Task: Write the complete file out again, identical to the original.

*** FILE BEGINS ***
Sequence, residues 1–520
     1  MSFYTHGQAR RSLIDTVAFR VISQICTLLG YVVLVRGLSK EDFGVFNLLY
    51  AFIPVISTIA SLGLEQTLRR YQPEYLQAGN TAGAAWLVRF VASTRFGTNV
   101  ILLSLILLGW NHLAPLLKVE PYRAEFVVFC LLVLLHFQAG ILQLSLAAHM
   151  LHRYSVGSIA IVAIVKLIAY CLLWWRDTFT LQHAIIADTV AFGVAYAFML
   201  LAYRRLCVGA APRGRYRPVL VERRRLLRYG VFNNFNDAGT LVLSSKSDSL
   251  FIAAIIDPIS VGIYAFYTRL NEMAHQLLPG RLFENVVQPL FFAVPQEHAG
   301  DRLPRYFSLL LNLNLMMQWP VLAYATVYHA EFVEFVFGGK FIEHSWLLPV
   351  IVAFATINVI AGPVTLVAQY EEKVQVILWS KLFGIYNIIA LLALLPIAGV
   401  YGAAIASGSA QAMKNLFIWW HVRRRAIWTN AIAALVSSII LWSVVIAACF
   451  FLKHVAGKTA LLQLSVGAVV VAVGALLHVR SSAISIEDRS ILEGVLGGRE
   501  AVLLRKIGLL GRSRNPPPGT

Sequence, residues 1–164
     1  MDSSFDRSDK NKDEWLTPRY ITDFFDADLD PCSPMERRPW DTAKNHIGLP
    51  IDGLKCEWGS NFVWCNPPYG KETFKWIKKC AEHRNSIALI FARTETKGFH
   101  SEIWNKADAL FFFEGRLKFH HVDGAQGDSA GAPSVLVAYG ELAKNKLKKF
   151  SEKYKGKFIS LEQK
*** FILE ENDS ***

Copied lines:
Sequence, residues 1–520
     1  MSFYTHGQAR RSLIDTVAFR VISQICTLLG YVVLVRGLSK EDFGVFNLLY
    51  AFIPVISTIA SLGLEQTLRR YQPEYLQAGN TAGAAWLVRF VASTRFGTNV
   101  ILLSLILLGW NHLAPLLKVE PYRAEFVVFC LLVLLHFQAG ILQLSLAAHM
   151  LHRYSVGSIA IVAIVKLIAY CLLWWRDTFT LQHAIIADTV AFGVAYAFML
   201  LAYRRLCVGA APRGRYRPVL VERRRLLRYG VFNNFNDAGT LVLSSKSDSL
   251  FIAAIIDPIS VGIYAFYTRL NEMAHQLLPG RLFENVVQPL FFAVPQEHAG
   301  DRLPRYFSLL LNLNLMMQWP VLAYATVYHA EFVEFVFGGK FIEHSWLLPV
   351  IVAFATINVI AGPVTLVAQY EEKVQVILWS KLFGIYNIIA LLALLPIAGV
   401  YGAAIASGSA QAMKNLFIWW HVRRRAIWTN AIAALVSSII LWSVVIAACF
   451  FLKHVAGKTA LLQLSVGAVV VAVGALLHVR SSAISIEDRS ILEGVLGGRE
   501  AVLLRKIGLL GRSRNPPPGT

Sequence, residues 1–164
     1  MDSSFDRSDK NKDEWLTPRY ITDFFDADLD PCSPMERRPW DTAKNHIGLP
    51  IDGLKCEWGS NFVWCNPPYG KETFKWIKKC AEHRNSIALI FARTETKGFH
   101  SEIWNKADAL FFFEGRLKFH HVDGAQGDSA GAPSVLVAYG ELAKNKLKKF
   151  SEKYKGKFIS LEQK